Arbouretum: Let It All In (Thrill Jockey)

US folk / alt. rock stalwarts notch up another solid addition to their storied catalogue

Released Mar 20th, 2020 via Thrill Jockey / By Norman Miller
Arbouretum: Let It All In (Thrill Jockey) I make this the tenth album since Baltimore-based outfit Arbouretum first blessed us with their presence back in 2002, and it finds them still ploughing new furrows across a musical field planted with seeds of English folk, country blues, Americana and psychedelia.

The quartet - guitarist and vocalist Dave Heumann, bassist Corey Allender, drummer Brian Carey and keyboard player Matthew Pierce– play with a mix of intimacy and intricacy you'd expect after nearly 20 years together on an album whose best tracks have a freewheeling expansiveness, moving through the gears at around six or seven minutes each – or in the case of the title track, nearly 12 minutes.

Heumann has always been an engaging vocalist, sometimes deceptively simple in a delivery that can echo the catchy mournfulness of Will Oldham, Bonnie Prince Billy or Bill Callahan. He's in fine form here, nowhere more than on the outstanding Headwaters II, delivering richly varied vocals – mournful and declamatory by turn – over bass and drum skitter.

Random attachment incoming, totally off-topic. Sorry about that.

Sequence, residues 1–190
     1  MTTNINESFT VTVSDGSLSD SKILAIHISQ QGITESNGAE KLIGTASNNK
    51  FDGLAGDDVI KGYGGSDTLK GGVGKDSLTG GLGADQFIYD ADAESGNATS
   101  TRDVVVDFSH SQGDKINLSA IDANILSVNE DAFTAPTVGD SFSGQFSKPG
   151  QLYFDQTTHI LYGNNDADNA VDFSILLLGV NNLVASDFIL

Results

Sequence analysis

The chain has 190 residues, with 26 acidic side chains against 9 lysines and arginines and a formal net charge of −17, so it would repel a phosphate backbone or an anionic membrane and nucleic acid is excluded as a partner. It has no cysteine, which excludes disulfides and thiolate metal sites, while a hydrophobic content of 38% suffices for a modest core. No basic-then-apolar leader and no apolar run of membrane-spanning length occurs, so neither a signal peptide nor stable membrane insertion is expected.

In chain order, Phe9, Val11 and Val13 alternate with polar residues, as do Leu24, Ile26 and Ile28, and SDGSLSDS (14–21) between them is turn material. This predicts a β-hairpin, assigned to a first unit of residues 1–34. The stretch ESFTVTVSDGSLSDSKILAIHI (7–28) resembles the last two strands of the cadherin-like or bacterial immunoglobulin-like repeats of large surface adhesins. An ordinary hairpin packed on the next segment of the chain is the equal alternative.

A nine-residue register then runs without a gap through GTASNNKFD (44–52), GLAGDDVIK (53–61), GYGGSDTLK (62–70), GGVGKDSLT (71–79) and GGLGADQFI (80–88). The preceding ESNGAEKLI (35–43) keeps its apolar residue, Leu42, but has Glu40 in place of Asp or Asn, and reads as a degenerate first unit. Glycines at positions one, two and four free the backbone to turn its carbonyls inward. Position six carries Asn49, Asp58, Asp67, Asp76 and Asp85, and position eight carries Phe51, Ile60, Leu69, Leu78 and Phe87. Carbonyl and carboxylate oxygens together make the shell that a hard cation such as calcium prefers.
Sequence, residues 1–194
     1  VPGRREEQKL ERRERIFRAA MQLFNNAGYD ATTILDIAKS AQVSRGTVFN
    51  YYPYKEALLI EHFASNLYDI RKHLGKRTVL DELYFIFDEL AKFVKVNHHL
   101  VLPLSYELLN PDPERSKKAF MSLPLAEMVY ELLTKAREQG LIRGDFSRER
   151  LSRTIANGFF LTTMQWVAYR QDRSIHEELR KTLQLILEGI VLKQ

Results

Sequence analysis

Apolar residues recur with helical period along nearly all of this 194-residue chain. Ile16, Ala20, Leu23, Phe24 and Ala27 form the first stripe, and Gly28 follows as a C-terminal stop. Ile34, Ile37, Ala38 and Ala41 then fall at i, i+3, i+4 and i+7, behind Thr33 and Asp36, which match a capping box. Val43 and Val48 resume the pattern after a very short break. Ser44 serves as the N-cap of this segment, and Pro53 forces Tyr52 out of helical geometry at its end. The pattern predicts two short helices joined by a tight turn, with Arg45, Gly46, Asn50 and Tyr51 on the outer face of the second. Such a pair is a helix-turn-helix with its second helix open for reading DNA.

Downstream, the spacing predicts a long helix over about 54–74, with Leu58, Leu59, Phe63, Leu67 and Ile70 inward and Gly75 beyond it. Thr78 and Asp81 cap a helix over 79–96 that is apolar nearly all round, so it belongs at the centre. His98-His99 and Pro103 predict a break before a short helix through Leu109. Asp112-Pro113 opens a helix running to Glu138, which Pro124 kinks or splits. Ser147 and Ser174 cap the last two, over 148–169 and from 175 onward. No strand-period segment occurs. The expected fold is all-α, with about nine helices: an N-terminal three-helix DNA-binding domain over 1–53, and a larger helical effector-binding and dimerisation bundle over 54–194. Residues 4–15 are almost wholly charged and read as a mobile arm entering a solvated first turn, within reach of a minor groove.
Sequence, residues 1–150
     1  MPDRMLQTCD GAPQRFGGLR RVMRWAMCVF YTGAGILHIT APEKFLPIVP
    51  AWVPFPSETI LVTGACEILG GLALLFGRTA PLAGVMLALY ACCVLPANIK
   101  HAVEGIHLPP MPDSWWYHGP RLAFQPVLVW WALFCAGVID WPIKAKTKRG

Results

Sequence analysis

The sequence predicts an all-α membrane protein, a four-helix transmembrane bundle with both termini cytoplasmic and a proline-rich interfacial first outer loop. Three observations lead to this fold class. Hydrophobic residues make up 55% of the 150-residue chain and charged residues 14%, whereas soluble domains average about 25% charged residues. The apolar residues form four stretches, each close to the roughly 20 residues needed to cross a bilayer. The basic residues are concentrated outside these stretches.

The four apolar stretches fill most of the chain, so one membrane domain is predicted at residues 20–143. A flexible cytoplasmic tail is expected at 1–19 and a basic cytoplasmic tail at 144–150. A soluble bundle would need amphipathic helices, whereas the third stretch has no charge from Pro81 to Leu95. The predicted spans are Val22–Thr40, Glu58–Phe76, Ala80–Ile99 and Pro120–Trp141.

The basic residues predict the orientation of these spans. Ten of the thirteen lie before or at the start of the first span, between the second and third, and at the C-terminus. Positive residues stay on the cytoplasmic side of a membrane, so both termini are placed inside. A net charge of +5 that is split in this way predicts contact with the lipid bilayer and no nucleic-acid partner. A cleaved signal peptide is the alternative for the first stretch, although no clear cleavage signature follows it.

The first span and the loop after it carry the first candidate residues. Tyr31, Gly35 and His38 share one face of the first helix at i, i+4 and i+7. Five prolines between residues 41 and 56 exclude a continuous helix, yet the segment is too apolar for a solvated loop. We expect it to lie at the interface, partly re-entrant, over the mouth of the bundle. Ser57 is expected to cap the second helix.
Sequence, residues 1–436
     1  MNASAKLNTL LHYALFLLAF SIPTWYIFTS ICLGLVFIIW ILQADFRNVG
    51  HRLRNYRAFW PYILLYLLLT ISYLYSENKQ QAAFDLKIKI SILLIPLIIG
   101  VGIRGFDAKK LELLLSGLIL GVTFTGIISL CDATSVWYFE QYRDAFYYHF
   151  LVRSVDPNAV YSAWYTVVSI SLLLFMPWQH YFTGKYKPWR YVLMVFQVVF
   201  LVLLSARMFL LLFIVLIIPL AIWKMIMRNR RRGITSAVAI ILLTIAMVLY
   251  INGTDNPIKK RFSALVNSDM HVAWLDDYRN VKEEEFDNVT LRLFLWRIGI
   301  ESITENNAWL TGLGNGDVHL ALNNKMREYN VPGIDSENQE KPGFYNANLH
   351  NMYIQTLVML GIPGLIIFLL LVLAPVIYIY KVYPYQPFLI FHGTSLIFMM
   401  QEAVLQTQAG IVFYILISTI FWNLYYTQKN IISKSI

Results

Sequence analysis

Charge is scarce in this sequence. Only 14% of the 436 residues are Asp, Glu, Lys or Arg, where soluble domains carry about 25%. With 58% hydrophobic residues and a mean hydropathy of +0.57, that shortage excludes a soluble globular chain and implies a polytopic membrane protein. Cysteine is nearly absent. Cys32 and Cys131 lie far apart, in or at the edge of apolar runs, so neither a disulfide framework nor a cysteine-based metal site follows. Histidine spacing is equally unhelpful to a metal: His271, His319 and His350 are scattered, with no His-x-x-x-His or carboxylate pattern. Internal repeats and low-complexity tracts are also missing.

How Deep It Goes is a glorious opener, its lovely slow drive a thing of wistful harmonic beauty livened by delicate guitar adornments and an angular trippy guitar finale. There's a hint of Fairport Convention and Pentangle in the psych-tinged folk-rock picking of A Prism In Reverse and the jangly guitar of the deceptively throwaway Buffeted By Wind where Heumann quietly worries away at deep stuff (“I have not been to sleep for years”).

But it's the title track that truly takes the breath away - a magnificent epic made for the mosh and rock immortality, its thrilling surge relentlessly building to peak after peak with a polished punky drive adorned by superb keyboard and guitar breakouts at various points.

The country balm of the closing High Water Song, riding along on Hans Chew's honky-tonk guest piano provides a welcome come down. Yes, there are a couple of dud moments – but what's good here is very good in a discography of a band I hope play on for many years to come. 8/10